AgnesConatyPhD 1

Agnes Pasco Conaty is a college math and environmental science adjunct professor who also works as senior research scientist and science lead for the GLOBE Observer Program at NASA/Goddard Space Flight Center

This April 22nd —Earth Day — marks the GLOBE program’s 30th birthday. GLOBE, which stands for the Global Learning and Observation to Benefit the Environment, is a NASA-sponsored program with over 150,000 participants, citizen scientists,  in 127 different countries across the globe. All of these citizen scientists help compile data by measuring and recording information about Earth’s four spheres.

GLOBE’s website ( has information about the four spheres and lists more than 50 ways that you can measure data for them. These spheres include the biosphere (plant and animal life), the atmosphere (air at different layers of the Earth), the hydrosphere (water covering  various parts of the Earth), and the pedosphere (Earth’s soil layer). Everyone using GLOBE takes measurements of these spheres and submits the data that they find through GLOBE’s open data collection website.

Anyone who’s interested in collecting data can use the free GLOBE app, which is available at the Apple Play and Google Play stores. The app lets users record data on basic things like clouds, land cover, trees and mosquito habitats.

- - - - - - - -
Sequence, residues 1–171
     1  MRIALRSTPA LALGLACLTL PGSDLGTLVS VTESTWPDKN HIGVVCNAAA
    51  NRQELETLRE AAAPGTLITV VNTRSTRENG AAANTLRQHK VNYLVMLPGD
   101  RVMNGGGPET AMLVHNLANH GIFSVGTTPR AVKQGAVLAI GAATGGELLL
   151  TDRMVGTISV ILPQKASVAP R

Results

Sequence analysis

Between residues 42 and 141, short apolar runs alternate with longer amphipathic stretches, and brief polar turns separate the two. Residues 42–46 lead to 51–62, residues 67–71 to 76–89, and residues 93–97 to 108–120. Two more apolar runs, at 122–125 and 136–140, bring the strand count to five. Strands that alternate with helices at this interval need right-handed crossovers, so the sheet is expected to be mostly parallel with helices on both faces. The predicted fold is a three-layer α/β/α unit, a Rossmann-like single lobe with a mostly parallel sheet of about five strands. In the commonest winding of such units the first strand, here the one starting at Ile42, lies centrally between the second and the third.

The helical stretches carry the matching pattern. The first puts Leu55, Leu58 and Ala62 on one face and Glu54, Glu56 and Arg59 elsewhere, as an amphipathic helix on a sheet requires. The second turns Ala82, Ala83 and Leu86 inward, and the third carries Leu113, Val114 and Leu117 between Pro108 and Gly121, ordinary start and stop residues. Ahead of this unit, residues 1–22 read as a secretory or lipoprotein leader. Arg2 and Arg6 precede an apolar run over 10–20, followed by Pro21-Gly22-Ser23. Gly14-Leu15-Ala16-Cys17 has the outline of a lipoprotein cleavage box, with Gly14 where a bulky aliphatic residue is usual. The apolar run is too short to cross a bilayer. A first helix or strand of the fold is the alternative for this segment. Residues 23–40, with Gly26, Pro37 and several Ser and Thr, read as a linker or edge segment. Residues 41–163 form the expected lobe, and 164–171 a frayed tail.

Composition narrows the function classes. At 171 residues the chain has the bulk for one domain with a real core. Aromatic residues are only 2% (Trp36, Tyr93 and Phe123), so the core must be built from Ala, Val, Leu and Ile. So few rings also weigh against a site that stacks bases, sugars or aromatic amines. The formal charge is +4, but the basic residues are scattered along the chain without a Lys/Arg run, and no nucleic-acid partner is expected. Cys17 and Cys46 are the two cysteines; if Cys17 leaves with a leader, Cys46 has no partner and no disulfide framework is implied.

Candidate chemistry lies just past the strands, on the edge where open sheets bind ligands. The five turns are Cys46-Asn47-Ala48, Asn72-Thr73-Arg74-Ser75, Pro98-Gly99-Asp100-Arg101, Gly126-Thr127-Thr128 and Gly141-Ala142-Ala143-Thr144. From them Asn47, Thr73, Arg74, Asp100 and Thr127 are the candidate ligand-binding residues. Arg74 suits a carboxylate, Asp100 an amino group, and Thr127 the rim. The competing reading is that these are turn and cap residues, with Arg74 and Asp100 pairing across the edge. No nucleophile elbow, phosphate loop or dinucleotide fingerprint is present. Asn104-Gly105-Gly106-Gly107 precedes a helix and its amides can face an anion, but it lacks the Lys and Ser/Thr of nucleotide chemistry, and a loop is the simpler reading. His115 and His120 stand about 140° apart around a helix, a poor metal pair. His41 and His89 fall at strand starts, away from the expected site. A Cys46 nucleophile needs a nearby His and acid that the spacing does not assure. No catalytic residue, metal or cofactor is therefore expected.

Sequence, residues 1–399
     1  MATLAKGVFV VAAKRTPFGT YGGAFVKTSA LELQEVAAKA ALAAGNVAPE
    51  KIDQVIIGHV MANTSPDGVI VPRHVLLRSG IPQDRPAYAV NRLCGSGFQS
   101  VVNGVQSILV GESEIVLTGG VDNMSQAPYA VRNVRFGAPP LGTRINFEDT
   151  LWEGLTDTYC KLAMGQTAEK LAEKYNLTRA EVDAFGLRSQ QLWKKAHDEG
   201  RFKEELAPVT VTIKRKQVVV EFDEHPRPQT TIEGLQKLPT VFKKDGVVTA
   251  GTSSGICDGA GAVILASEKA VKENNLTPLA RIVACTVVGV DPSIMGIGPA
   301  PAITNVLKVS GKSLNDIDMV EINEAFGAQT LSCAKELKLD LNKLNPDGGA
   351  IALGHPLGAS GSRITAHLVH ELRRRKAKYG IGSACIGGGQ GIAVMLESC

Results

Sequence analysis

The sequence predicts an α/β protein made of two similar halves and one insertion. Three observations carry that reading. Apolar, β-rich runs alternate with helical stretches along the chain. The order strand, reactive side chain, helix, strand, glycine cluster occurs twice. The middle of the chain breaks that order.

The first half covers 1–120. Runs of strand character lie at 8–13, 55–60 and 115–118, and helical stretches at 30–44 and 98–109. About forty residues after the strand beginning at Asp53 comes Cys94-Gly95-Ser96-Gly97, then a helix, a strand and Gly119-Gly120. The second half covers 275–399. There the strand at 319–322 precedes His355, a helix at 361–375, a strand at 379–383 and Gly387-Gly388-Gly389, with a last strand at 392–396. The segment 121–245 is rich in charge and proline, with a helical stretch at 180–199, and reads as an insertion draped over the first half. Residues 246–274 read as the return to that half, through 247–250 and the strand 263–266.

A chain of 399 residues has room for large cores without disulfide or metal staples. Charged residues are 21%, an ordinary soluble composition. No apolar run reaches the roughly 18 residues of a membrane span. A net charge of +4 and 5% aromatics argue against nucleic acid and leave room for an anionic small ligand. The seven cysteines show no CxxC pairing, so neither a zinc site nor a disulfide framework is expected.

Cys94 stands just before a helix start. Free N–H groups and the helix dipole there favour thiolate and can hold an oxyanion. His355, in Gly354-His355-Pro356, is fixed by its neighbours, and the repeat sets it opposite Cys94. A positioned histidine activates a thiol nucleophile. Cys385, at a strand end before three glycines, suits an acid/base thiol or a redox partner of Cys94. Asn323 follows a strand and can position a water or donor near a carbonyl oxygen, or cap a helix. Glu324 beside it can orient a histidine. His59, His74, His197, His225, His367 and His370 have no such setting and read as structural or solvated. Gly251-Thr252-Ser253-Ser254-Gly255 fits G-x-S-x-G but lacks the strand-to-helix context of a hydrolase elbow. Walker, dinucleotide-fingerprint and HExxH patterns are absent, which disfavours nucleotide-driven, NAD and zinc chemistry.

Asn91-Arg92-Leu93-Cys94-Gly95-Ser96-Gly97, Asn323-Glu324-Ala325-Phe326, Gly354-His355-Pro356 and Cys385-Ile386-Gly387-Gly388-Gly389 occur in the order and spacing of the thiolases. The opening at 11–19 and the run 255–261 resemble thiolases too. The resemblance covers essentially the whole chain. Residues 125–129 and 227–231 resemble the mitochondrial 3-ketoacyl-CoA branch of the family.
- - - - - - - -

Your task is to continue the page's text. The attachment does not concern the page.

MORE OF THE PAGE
You can even use the app to record data of the next solar eclipse, which will take place on April 8. Here in  Maryland, we’ll see a partial solar eclipse (80-90%) starting as early as 3 p.m., providing the weather cooperates that day and we don’t have cloud cover. Most Marylanders (and pretty much the entire northeastern United States) experienced cloudy skies for the solar eclipse on Oct. 14, 2023. We hope we’ll have better viewing skies this time. You can see a map showing the path of the total solar eclipse in the U. S. at

If you want to use the app to record data for the eclipse, be sure to capture the temperature before, during and after it. And be sure you use designated solar eclipse glasses, too, as eye protection is extremely important for safely viewing a solar eclipse, so. Solar eclipse glasses are typically provided by most Prince George’s County public libraries, including Laurel Library. You can find more information about eclipses at

The GLOBE program is successful thanks to  the curiosity and passion we all have to learn more about the world we live in. With 30 years of GLOBE data collected worldwide and available online, everyone can learn more about our Earth. This year, be part of something big and experience the joy of sharing data through citizen science. 

If you’re interested in learning about GLOBE and all of the citizen-science opportunities related to the program, email me at